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Spring 2012 - Act•ionLine


LETTER 1 - Taking Anti-Fur Message Indoors

We activists who live in New Hampshire, where frigid winters don’t allow for outside anti-fur protests, have found another way to get our point across: we walk through local supermarkets and department stores in bright, neon long-sleeved sweatshirts with anti-fur messages on the front and back in large letters, such as “Please Don’t Wear Fur – A Little Fur Trim, A Lot of Animal Cruelty.”

Barbara J. Bonsignore
Concord, NH

LETTER 2 – Failing Those in Need

The letter in the Nov./Dec. 2011 issue of Animal People calls the Humane Farming Association ad an “attack” on the Humane Society of the United States, “a waste of time, energy and money.” Since when has education and enlightenment been renamed, reclassified as “attack”? Can the author of the letter prove any part of the HFA ad untrue? Unfortunately, the very sad but brilliant predictions of the HFA have materialized time and again. The difference of the opinion often airs out the dirty laundry. Study the opposing views. Come to your own conclusions. Give the tortured laying hens a few more inches of space, a few plastic strips (call it a “furnished cage”), take the next 18 years to accomplish this. Then decide if you are satisfied with this solution. (If not, remove eggs from your diet.)

“A nation gets the leaders it deserves.” So do the millions of members of HSUS. (The animals are the losers.) Transfer your donations to groups that stand by their convictions.

In a profit driven, greedy world we are forced to take the better of two evils every day. To do our utmost for the animals, please remember Plato’s words; “This and no other is the root from which a tyrant springs; when he first appears he is a protector.”

Think. Act. Today.
Ava Barcelona
Action Volunteers for Animals
Chicago , IL

LETTER 3 – Destroying Parrot Habitat

Your story about the parrots in Winter 2011-12 ActionLine was very interesting! Red-crowned parrots and yellow-billed parrots are very interesting birds! I think more people should take action in sparing animals like these birds from the destruction of their habitats. Animals share the world with humans; I believe if more people like us help these parrots and other animals, the world will be a safe and beautiful place for all of them.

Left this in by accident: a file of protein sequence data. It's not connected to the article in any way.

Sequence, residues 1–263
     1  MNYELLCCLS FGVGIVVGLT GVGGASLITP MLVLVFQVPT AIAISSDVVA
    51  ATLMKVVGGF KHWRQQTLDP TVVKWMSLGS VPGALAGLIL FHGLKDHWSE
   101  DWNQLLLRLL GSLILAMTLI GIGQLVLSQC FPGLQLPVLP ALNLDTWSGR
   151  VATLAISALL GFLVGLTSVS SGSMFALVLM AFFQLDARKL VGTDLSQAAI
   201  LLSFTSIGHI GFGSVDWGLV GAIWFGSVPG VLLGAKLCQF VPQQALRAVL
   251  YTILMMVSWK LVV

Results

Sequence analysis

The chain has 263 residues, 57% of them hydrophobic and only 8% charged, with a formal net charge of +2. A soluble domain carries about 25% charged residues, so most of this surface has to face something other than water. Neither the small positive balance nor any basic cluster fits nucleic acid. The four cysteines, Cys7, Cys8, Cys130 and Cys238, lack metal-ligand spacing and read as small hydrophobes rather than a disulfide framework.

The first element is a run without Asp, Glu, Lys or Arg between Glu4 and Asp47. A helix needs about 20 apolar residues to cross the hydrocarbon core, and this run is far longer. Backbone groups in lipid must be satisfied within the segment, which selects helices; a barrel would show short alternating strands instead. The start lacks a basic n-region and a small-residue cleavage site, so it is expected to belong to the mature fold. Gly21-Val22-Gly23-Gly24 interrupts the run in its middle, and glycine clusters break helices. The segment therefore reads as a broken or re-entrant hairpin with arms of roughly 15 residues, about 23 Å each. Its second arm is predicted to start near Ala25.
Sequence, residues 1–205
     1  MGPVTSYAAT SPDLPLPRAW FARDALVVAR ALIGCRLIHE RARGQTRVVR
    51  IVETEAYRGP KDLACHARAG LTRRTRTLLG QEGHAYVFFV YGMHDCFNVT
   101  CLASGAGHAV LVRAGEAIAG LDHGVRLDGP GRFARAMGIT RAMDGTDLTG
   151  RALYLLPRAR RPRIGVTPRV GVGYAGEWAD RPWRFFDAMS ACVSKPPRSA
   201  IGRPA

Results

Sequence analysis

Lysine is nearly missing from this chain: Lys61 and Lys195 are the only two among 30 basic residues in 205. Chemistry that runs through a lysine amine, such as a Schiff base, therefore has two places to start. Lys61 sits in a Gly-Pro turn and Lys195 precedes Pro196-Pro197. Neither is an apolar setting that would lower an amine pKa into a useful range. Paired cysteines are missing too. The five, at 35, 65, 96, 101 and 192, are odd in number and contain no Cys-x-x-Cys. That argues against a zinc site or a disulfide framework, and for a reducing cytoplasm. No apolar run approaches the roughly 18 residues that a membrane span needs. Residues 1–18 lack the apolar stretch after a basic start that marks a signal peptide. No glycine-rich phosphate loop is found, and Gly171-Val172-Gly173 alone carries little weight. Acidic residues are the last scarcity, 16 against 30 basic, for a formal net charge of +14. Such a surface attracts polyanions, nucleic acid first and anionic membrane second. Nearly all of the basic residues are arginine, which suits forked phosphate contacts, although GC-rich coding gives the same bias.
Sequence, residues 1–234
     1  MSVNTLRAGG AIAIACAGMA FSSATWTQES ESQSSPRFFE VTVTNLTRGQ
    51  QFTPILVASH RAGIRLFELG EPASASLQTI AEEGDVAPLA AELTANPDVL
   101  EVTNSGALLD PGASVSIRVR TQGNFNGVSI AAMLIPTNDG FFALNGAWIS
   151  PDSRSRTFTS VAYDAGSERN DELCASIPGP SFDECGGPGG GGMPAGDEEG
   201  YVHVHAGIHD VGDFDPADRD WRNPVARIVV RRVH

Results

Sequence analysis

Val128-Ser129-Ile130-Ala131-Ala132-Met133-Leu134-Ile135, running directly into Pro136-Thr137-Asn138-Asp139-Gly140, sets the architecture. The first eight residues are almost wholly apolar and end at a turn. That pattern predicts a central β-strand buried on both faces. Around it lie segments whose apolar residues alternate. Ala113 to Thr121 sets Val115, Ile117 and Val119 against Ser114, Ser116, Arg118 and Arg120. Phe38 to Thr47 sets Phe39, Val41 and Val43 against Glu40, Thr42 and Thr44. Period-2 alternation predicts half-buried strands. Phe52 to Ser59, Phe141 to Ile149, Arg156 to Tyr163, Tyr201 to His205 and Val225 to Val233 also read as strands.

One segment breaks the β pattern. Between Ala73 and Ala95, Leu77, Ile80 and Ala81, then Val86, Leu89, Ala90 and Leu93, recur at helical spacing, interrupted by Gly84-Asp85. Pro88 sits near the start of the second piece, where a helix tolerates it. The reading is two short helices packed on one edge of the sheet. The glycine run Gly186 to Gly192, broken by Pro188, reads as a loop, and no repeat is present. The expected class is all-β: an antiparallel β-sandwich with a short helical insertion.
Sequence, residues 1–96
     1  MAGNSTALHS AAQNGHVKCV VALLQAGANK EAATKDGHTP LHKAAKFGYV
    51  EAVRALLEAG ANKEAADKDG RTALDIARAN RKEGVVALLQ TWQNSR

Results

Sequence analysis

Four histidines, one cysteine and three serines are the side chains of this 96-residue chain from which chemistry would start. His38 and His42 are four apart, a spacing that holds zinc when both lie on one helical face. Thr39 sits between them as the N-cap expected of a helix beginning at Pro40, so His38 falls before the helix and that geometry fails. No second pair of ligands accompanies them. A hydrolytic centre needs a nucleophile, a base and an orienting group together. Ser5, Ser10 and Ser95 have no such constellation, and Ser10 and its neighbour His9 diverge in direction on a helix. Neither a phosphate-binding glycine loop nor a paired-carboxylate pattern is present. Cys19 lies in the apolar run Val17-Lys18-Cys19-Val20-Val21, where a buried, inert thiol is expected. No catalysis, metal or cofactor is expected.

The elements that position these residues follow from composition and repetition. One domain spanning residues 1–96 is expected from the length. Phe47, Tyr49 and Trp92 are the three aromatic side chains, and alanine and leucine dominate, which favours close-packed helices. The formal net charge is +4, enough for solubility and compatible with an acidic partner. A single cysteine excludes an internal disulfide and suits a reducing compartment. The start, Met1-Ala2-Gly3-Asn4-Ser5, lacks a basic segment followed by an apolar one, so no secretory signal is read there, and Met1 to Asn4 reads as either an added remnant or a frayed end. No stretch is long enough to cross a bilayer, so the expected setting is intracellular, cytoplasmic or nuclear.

Dara Roberts
Bucks County, PA

LETTER 4 - To Live Free as Birds

I was intrigued by the essay written by Lee Hall [Movement Watch, Winter 2011-12] on how Friends of Animals petitioned to list Red-crowned parrots under the Endangered Species Act. Bravo!

In the summer of 2010 I first observed flocks of small green parrots numbering as many as ten at times. It was amusing to watch their squawking and aerobatic antics. However, following a harsh winter freeze in our area in 2010 which adversely affected both orange and tomato crops, I have observed these birds very infrequently and usually only in pairs. I read recently about a species named the Carolina parrot which was once abundant along our forested coastal area from Carolina to Miami. This species is now sadly extinct! Could these local U.S. parrots now breeding in the Cape become listed and protected under the Endangered Species Act?

…Kudos for this very informative and interesting article. Thanks also to Friends of Animals and their initial petition to the U.S. Interior Department and their positive action and also to the Fish & Wildlife Services for their positive response: Listing may now be warranted for 12 parrot species.

To quote Lee Hall, On Their Own Terms: Bringing Animal-Rights Philosophy Down to Earth, “The Endangered Species Act has broad ramifications for free-living animals; by applying it thoughtfully, we can defend communities of animals who would otherwise lose everything—their very existence on Earth.” Let’s make sure this will never happen and that these parrots will receive the support needed to ensure they continue to live as free as birds.

Laureen Peterson
Cape Coral, FL

LETTER 5 – What’s Conservation Mean Anyway

Several years ago I learned of a fund established for the purpose of reimbursing ranchers/farmers for proved losses associated with wolves. Sounded like a great idea to me.

Subsequently, I visited Yellowstone in the winter (an amazing experience) and talked about that restitution program with a naturalist. He informed me that yes, indeed, such a fund existed.

Sooo – we are faced with people who would rather kill those wonderful creatures, rather than seek redress for their alleged losses.

Why can’t hunters be made to seek reimbursement when they apply for killing permits? Is it that they really prefer killing to conservation?

Mary Rose Martin
Oklahoma City, OK

LETTER 6 - Carriage Horses Need Help

Please come down to Natchez, MS and look at the carriage horses here. Standing in the boiling sun with no cushioning on their feet from the hot asphalt in the 100 degree weather.

The horses also have no shade after about 11:00 or 12:00. The horses pull a three seat carriage loaded with people.

People have written to the local newspapers but is hasn’t done any good.

William F. Riley
Natchez, MS

Act•ionLine Spring 2012

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